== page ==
Where here bit represents the output data width and $SNR_q$ is the total noise due to quantization alone relative to the desired output tone.

This is depicted below with the addition of a "Phase Control Word" for optional phase modulation in addition to the frequency modulation capability provided by the "Frequency Control Word". An additional multiplier after the look-up table output could be used to provide amplitude modulation capability for a universal phase/frequency/amplitude modulator.

NCO

The mathematical view is understood by realizing that an accumulator is the digital counterpart of an integrator and phase is the integration of frequency (freq is a change of phase over a change in time, or $df/dt$).

mathematical view

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  • $\begingroup$ I have tried to implement the dds; please see in the answer. $\endgroup$
    – halomi
    Dec 13, 2021 at 23:56
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    $\begingroup$ Thank you @Dan Boschen, I posted my further questions a new post. Your answer really helped! $\endgroup$
    – halomi
    Dec 14, 2021 at 2:20
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Two more hands on options. We use an example of a sweep that goes from 1kHz to 10 kHz in 2048 samples with a sample rate of 48 kHz.

Method one: phase accumulator and look up table

Simply use a phase accumulator as index into the look up table. After each sample, increase the phase by the current frequency and then increase the frequency by the sweep rate. This can be very easily done in fixed point. See Matlab code below.

% Parameters
fs = 48000; % sample rate in Hz
f1 = 1000;  % start ferquency in Hz
f2 = 10000;  % end frequency in Hz
sweepLength = 2048; % length of the sweep in samples
M = 1; % matlab array offset

% cosine table
tableSize = 4096;
cosTable = cos(2*pi*(0:tableSize-1)'/tableSize); % cosine table

% calculate some  constants, 
w1 = f1/fs*tableSize;
w2 = f2/fs*tableSize;
wStep = (w2-w1)./(sweepLength);

% initialize output
x6 = zeros(sweepLength,1);

% turn anything into 24-bit fixed. We use 1 overflow bit, 12 table index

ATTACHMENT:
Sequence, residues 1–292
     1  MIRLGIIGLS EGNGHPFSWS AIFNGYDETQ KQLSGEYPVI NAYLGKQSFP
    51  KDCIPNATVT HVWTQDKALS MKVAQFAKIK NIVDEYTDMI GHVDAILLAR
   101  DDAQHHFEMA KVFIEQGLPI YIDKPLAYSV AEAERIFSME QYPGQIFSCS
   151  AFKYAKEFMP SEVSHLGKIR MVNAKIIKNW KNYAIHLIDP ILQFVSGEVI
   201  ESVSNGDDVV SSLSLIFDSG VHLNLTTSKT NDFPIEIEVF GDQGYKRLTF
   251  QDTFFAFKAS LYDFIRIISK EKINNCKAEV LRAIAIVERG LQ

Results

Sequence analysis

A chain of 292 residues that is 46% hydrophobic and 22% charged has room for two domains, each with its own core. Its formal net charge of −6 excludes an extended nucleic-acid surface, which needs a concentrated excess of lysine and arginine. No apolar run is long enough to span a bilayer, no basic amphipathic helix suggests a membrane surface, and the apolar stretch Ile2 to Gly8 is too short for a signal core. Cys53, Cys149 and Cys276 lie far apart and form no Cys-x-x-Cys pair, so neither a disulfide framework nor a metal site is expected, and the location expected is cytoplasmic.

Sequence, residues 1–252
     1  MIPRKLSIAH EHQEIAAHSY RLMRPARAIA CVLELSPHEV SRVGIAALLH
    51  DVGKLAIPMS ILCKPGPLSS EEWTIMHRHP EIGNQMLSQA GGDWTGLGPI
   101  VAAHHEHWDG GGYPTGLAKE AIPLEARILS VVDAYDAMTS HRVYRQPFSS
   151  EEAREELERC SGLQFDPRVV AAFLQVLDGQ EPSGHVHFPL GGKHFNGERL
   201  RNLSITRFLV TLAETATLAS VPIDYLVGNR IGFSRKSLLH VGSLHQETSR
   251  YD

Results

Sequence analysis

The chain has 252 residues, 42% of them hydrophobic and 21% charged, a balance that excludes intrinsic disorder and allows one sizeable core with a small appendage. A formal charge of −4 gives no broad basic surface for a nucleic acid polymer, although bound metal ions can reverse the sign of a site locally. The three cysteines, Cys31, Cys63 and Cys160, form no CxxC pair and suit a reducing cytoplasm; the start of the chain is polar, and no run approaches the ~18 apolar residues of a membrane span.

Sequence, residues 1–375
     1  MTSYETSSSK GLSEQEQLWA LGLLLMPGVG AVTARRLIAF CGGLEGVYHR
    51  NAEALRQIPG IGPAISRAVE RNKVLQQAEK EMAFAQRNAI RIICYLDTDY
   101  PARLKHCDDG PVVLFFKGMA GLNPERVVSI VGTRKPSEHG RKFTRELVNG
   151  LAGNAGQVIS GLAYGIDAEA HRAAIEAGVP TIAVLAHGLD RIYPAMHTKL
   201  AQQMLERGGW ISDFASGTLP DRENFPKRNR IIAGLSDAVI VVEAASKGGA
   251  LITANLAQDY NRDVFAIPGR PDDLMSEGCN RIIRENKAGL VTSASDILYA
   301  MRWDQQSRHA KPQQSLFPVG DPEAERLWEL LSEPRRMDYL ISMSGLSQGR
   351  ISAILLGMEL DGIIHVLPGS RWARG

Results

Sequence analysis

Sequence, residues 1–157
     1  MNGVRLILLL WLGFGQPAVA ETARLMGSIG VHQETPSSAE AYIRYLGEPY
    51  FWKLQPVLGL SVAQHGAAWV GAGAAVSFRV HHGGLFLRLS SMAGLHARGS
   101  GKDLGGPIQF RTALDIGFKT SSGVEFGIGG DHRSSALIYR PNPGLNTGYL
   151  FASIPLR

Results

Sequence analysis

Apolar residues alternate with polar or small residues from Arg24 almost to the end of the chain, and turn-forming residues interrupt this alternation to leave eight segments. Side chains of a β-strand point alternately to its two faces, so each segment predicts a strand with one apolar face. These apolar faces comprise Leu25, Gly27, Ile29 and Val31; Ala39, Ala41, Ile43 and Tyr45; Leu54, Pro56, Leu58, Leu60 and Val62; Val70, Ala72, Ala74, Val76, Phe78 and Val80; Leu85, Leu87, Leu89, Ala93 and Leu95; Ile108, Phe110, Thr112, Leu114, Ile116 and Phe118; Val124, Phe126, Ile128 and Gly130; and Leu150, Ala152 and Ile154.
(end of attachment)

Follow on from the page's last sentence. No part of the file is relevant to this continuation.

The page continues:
% bits and 11 fractional bits. Real hardware wouldn't need an overflow bit
% as long as the addition wraps on overflow

% state variables in Q13.11
phi = uint32(0); % phase accumulator
w = uint32(w1*2^11);  % current frequency
wStep = uint32(wStep*2^11); % frequency increment

for t = 0:sweepLength-1
  % turn phase into lookup index including rounding
  i0 = bitshift(phi+2^10,-11);
  % do the table lookup
  x6(t+M) = cosTable(M+i0);
  % update the phase accumulator and wrap around if it overflows
  phi = bitand(phi + w,2^23-1);
  % increment the freqyency, this cannot overflow
  w = w + wStep;

end

Method 2: phasor rotation, no lookup table required

Using complex multiplication with a phasor $e^{j\omega t}$ is a very efficient way to build oscillators without lookup tables or transcendent functions. It's basically a recursion:

$$Z[k] = Z[k-1] \cdot W[k], W[k] = W[k-1] \cdot W_d$$

This eliminates the need for a look up table. It can be easily done in fixed because all state variables are between -1 and +1 so simple fractional multiples will do.

%% Parameters
fs = 48000;
f1 = 1000;
f2 = 10000;
sweepLength = 2048;
% some constants
frequencyStep = (f2-f1)/(sweepLength-1);
om1 = 2*pi*f1/fs;% angular frequency
om2 = 2*pi*f2/fs;
omStep = 2*pi*frequencyStep/fs;
wd = exp(1i*omStep);

x3 = zeros(n,1); % initialze output
% state variables 
z = 1;
w = exp(1i*om1);

% sample loop 
for t = 1:n
  x3(t) = real(z); % take the output, real for cosine sweep, 
                   % imag for sine sweep
  z = z*w; % phasor multiplication
  w = w*wd; % frequency increment
end